April 26, 2012
Gage Does Tokyo
In March, artist and resident blogger Gage Hamilton went to Tokyo for his first international solo show with Hellion Gallery x AMP. Always keen to tap into the creative scene, Gage caught up with a few major talents from the world’s largest metropolis to find out what drives them to create.
MON a.k.a. Koutaro Ooyama is a contemporary artist from Tokyo. He is known for his brightly colored, fully immersive paintings, which combine ancestral tribal imagery with ancient Buddhist color and contemporary technology derived from his years as a DJ. He is also known for his role in the artist hangout Spes Lab, as well as his collaborative mural work with Doppel. He is one of several artists featured in Matt Wagner’s upcoming book The Tall Trees of Tokyo.
MON is a great dude, and as you can see has some really impressive work. I really enjoyed talking to him at Spes Lab about his inspirations and travels over udon noodles and drinks until the sun came up.
It seems like over the years your painting style has taken on a bit of a Native American influence. How did that evolution come about?
I was definitely influenced by graffiti artists and I was looking at how they take their own heritage to create their own aesthetics in their works. I didn’t think it was good to just copy the style of hip hop and graffiti culture, I wanted to bring my own elements in, so I started looking to my roots. I started looking to native Japanese Inu culture, but also to Native Americans because I thought they had a lot in common visually and started to incorporate them into my work.
The fusion of light and color really make it a psychedelic experience. Colors and lines seem to emerge and fade away as the light changes. What made you start experimenting with controlled LED lighting? Did your DJ work play a role?
Yea my work is definitely influenced by club culture, but the colors I use are derived from the colors used in ancient Japanese temples. So I’m combining an ancient color scheme with contemporary technology through LED lighting.
Throughout Japanese history there is this perception of taking aspects of foreign cultures, aesthetics or ideas, and adopting them to make them uniquely Japanese. Is that something you think plays into your work?
Yes that’s true of Japanese history, and I think that’s exactly what I’ve been doing as well.
It seems like more and more of your recent work has become fully immersive installations. Was that a natural progression from doing DOPPEL murals? And once you start using entire rooms as blank canvases, is it hard to scale back and limit yourself to smaller pieces?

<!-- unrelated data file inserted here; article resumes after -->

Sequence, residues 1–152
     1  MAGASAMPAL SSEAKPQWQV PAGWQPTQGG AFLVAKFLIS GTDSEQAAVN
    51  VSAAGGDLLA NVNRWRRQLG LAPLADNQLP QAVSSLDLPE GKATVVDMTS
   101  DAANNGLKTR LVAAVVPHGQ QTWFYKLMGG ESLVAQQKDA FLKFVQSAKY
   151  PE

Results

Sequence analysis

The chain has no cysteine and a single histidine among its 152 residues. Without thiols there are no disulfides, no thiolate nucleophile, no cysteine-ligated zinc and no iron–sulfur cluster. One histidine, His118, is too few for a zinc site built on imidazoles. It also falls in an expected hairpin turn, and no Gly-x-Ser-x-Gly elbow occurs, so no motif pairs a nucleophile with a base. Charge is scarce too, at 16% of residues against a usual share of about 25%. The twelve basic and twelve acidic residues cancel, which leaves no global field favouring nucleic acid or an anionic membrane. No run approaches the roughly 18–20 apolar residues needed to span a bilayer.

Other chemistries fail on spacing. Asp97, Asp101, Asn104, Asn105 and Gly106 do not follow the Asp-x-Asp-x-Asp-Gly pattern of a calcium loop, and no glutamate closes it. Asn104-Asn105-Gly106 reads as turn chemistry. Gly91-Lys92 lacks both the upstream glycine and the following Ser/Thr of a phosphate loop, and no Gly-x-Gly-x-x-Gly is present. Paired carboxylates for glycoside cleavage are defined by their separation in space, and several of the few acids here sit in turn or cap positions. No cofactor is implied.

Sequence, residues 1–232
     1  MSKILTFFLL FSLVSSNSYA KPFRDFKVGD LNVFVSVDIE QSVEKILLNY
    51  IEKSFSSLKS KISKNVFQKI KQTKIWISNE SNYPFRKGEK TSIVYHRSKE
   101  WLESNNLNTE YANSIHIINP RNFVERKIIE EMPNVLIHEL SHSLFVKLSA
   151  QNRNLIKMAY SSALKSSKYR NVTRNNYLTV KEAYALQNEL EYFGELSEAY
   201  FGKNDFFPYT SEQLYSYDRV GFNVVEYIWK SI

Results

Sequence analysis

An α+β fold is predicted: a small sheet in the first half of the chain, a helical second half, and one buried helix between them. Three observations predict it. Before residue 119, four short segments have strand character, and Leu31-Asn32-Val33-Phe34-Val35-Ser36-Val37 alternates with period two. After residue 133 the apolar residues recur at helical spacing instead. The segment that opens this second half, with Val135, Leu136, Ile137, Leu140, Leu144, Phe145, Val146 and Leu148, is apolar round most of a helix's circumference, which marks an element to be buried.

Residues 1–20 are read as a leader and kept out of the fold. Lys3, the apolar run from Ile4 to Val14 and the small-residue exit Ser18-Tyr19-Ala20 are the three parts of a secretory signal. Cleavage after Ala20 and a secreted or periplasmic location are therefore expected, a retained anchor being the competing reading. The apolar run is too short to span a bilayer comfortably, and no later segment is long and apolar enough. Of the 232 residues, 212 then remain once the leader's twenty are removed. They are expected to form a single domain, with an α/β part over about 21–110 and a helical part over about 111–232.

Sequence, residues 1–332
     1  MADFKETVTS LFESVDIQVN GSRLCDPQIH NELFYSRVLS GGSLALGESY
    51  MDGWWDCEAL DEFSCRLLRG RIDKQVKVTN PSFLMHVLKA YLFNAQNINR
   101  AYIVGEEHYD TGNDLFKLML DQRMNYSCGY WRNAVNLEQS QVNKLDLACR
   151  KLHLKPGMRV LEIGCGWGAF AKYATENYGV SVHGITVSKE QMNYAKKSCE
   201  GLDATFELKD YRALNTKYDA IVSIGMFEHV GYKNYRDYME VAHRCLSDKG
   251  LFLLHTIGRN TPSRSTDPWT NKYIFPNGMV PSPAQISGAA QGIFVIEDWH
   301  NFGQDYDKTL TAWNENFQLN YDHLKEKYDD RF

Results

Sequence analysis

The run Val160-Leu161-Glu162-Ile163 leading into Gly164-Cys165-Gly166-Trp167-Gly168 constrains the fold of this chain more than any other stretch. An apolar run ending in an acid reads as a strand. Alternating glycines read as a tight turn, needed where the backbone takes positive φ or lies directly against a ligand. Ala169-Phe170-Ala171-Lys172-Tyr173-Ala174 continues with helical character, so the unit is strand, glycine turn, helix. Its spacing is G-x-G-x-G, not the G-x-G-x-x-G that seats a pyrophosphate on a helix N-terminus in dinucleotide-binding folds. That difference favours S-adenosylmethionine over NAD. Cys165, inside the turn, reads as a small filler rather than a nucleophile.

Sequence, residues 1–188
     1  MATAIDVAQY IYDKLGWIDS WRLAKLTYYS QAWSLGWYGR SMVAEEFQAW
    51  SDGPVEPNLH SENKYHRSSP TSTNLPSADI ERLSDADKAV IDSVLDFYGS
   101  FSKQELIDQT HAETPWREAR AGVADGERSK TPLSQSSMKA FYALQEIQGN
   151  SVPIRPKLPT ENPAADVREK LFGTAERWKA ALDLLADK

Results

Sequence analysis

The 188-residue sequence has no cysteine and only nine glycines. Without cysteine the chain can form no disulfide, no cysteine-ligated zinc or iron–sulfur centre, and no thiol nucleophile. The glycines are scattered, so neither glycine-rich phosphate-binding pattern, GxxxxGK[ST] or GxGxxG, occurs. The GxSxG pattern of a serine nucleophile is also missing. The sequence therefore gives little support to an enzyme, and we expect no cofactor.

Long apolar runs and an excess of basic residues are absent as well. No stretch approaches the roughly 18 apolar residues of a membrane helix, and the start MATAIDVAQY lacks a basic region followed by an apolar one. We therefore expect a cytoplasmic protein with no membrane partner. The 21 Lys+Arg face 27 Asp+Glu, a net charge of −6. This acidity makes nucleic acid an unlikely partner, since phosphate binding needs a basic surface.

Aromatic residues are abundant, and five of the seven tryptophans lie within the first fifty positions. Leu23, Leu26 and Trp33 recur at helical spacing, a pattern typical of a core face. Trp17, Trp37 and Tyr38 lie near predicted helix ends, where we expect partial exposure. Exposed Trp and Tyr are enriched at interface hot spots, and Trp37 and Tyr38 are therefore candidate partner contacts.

It’s not difficult to go back to smaller scale because it has a different purpose. When I do full room installations I want it to create a whole experience. That idea came from doing a lot of live paintings with sound or music. With paintings you can just close it off by looking away, but with music, even if you try to cover your ears you might still be able to feel the bass. It’s not as easy to escape it. I wanted to have that sort of experience with my work, so that’s why I started doing such immersive installations.
Tell me about Spes Lab. Seems like great space with a tight-knit group or artists. What’s the idea behind it?
I originally got the opportunity from a producer and I was hired as an art director. Before it was just a white cube and I would be art director, but I had an idea to preserve my works because most of them are one-offs and destined to be painted over. I wanted to have a place for my murals to be kept, so I decided to use the space as a permanent installation. Also I wanted to have a space where lots of artists could come and collaborate and hopefully revitalize the more underground Tokyo art scene.
Any upcoming shows?
My recent project is called ‘Try & Error’, where I brought 13 Japanese artists to Spes Lab to do live paintings and filmed all of their work. I’m in the middle of editing the footage, but I plan to show that footage overseas to show the Japanese live painting scene and how it has evolved to something very unique and interesting.